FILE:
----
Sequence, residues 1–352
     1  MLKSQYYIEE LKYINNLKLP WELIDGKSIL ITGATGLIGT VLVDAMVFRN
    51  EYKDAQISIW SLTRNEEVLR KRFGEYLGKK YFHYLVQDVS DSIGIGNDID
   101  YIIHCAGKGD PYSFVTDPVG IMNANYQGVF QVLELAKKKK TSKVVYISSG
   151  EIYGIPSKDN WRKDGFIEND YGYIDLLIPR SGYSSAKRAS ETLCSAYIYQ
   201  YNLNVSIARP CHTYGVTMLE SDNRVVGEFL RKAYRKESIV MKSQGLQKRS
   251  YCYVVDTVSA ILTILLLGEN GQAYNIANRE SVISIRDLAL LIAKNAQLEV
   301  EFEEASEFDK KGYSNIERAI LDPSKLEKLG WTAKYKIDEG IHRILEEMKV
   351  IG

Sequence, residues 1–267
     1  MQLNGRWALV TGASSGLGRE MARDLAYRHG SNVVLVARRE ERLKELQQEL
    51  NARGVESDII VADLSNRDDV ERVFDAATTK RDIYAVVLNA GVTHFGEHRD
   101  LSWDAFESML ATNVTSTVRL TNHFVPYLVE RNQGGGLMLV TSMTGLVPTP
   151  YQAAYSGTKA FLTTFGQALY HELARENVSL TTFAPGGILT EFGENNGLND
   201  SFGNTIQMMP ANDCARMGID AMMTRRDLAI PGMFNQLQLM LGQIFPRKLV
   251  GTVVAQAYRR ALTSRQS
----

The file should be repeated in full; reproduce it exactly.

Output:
Sequence, residues 1–352
     1  MLKSQYYIEE LKYINNLKLP WELIDGKSIL ITGATGLIGT VLVDAMVFRN
    51  EYKDAQISIW SLTRNEEVLR KRFGEYLGKK YFHYLVQDVS DSIGIGNDID
   101  YIIHCAGKGD PYSFVTDPVG IMNANYQGVF QVLELAKKKK TSKVVYISSG
   151  EIYGIPSKDN WRKDGFIEND YGYIDLLIPR SGYSSAKRAS ETLCSAYIYQ
   201  YNLNVSIARP CHTYGVTMLE SDNRVVGEFL RKAYRKESIV MKSQGLQKRS
   251  YCYVVDTVSA ILTILLLGEN GQAYNIANRE SVISIRDLAL LIAKNAQLEV
   301  EFEEASEFDK KGYSNIERAI LDPSKLEKLG WTAKYKIDEG IHRILEEMKV
   351  IG

Sequence, residues 1–267
     1  MQLNGRWALV TGASSGLGRE MARDLAYRHG SNVVLVARRE ERLKELQQEL
    51  NARGVESDII VADLSNRDDV ERVFDAATTK RDIYAVVLNA GVTHFGEHRD
   101  LSWDAFESML ATNVTSTVRL TNHFVPYLVE RNQGGGLMLV TSMTGLVPTP
   151  YQAAYSGTKA FLTTFGQALY HELARENVSL TTFAPGGILT EFGENNGLND
   201  SFGNTIQMMP ANDCARMGID AMMTRRDLAI PGMFNQLQLM LGQIFPRKLV
   251  GTVVAQAYRR ALTSRQS